I went on a tasting frenzy.

When the smoke cleared and I was sated, it occurred on me that I had just done something I'd always wanted to do but never really thought I would. However, living my dream had physical consequences; I made a huge mess and fucked up a lot of food. I was a bit frantic and tried to remain calm as I moseyed back out to the main floor to see if my boss had procured my icy holiday freebie. If he didn't have it I would have to make a quick exit lest more painful physical consequences come my way, courtesy of the general work population. Being around when everyone discovered the war zone buffet would not be a good idea.

I spotted the wandering Rod, still clinging to a stupefied look, holding my frozen bird. I muttered an unintelligible thanks and no further explanation as I grabbed the swag and my fat friend from the conveyers. On the return trip through snow that was no longer shifting, I told my tale of wonder. While he agreed that it was kickass, Doug just shook his head.

"I can't believe we just did all this for a frozen turkey that you won't even cook." Then he just laughed. "Never mind, yes I can."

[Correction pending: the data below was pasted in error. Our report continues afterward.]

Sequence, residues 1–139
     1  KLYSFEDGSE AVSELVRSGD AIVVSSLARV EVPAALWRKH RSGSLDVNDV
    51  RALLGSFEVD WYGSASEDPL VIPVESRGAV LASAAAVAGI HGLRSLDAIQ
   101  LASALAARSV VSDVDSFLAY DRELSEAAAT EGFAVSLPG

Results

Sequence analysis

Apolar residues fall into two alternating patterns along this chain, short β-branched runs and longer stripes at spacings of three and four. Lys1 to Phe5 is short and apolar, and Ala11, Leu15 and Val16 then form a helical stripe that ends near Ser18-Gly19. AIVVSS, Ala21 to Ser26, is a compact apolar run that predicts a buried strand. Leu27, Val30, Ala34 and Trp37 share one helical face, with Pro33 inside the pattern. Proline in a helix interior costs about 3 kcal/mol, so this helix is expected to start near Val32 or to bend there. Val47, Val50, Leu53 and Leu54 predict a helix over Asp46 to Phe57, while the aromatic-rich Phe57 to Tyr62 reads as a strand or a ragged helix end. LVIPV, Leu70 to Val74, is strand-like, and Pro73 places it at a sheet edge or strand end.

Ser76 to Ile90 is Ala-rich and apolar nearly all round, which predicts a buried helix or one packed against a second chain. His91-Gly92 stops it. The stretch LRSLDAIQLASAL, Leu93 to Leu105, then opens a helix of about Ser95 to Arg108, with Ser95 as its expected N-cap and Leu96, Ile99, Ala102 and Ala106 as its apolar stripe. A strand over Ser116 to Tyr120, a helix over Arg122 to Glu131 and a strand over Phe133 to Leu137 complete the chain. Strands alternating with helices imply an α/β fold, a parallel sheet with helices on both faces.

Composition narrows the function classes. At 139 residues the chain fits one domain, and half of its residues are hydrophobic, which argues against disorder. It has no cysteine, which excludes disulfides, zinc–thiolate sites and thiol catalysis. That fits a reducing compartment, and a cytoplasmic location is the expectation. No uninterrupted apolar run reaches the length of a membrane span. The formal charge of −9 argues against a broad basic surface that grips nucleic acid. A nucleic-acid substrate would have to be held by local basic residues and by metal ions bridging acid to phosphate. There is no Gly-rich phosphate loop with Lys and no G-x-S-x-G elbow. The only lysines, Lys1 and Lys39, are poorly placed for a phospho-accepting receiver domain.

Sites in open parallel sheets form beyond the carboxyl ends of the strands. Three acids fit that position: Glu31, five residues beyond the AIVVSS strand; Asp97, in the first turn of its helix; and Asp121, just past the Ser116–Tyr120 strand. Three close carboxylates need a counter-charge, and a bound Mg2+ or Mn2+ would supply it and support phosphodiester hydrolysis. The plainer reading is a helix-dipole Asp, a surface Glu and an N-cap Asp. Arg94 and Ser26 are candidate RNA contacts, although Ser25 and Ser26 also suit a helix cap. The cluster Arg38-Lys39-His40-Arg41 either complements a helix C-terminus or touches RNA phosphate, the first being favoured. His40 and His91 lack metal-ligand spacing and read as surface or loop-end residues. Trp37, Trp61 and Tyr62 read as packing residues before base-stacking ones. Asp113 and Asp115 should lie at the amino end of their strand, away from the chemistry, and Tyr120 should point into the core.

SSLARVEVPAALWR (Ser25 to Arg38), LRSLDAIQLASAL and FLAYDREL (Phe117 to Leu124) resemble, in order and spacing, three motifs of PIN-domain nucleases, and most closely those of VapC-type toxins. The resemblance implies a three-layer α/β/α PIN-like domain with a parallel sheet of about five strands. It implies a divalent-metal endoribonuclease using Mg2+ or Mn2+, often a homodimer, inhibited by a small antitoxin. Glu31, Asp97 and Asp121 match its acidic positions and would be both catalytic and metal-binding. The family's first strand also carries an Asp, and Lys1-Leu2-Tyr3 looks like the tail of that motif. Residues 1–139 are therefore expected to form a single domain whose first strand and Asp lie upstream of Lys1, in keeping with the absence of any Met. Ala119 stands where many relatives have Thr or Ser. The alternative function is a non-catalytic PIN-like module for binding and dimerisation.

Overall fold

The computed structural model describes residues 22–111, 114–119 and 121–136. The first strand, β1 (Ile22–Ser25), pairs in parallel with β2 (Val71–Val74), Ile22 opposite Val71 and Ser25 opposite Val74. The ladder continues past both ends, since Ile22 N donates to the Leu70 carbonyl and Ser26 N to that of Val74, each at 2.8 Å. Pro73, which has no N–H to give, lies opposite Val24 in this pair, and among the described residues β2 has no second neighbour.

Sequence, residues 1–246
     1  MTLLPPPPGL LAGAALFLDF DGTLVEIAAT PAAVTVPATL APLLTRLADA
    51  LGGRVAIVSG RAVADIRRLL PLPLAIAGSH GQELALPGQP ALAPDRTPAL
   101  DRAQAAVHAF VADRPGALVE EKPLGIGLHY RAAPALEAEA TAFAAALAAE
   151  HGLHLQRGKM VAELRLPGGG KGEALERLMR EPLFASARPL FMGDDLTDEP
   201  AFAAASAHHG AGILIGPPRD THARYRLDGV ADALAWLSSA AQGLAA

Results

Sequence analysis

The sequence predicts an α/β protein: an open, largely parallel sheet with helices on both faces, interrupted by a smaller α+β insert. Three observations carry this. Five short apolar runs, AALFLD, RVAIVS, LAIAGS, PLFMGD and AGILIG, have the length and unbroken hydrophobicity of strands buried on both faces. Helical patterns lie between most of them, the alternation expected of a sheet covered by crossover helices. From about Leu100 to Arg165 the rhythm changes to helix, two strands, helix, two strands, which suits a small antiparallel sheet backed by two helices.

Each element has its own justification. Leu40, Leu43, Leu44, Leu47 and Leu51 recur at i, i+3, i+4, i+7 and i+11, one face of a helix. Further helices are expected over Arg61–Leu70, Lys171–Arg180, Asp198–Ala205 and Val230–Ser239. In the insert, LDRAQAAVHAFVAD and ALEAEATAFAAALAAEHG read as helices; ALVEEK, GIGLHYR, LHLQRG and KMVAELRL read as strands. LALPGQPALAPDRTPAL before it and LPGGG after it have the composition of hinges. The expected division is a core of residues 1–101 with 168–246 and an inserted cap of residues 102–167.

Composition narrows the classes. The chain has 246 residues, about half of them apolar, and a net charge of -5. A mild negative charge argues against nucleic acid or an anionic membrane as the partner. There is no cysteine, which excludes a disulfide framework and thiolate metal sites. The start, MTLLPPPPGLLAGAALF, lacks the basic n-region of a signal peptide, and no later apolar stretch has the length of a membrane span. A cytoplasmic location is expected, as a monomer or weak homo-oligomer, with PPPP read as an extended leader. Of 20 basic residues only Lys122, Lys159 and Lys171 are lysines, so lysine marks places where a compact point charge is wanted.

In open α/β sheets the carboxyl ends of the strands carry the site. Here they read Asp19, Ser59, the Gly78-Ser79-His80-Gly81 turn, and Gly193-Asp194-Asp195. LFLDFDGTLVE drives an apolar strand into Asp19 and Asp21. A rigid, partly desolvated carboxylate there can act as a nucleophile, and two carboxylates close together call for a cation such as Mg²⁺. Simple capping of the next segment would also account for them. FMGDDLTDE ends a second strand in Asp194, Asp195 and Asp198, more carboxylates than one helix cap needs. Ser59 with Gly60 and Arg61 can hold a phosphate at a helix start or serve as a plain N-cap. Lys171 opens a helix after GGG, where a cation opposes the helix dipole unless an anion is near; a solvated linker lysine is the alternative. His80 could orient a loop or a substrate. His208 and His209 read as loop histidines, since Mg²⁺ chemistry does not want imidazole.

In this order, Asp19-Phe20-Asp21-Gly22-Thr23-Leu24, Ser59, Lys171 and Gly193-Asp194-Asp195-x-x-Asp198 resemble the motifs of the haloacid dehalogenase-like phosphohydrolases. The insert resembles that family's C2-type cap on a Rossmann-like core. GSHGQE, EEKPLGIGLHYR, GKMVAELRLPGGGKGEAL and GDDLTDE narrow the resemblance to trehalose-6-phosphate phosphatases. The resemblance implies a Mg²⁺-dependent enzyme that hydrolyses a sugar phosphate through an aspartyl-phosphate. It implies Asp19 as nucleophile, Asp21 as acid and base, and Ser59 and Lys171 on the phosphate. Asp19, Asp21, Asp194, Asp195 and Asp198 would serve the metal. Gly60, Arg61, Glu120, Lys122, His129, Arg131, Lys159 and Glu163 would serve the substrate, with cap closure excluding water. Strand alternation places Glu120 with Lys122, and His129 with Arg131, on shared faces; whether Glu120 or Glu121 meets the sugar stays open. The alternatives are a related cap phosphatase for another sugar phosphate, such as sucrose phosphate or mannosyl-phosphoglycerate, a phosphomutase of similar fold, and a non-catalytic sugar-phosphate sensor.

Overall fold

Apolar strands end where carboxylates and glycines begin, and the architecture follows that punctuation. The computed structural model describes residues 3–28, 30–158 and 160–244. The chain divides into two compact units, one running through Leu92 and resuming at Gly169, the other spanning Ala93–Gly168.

Doug always knew, kindred old souls are like that.

Wish You Were Here was on repeat as were the joints we smoked on our way to the post-trip mental state we referred to as "The Wastelands." The more superficial of our playmates had long since filtered out the door, some of them disappearing before we returned from our trek. Their absence was a welcome relief as I pondered the recent events and sought inspiration or validation or revelation or whatever it is that 18-year olds search for. I still think back from time to time how it came, in the brief moments on the edge of sleep, unintentionally through the words of a friend.

"You’re not living if you're not tasting."

The Human Head is a writer, gambler, and thinker from Whicita, Kansas.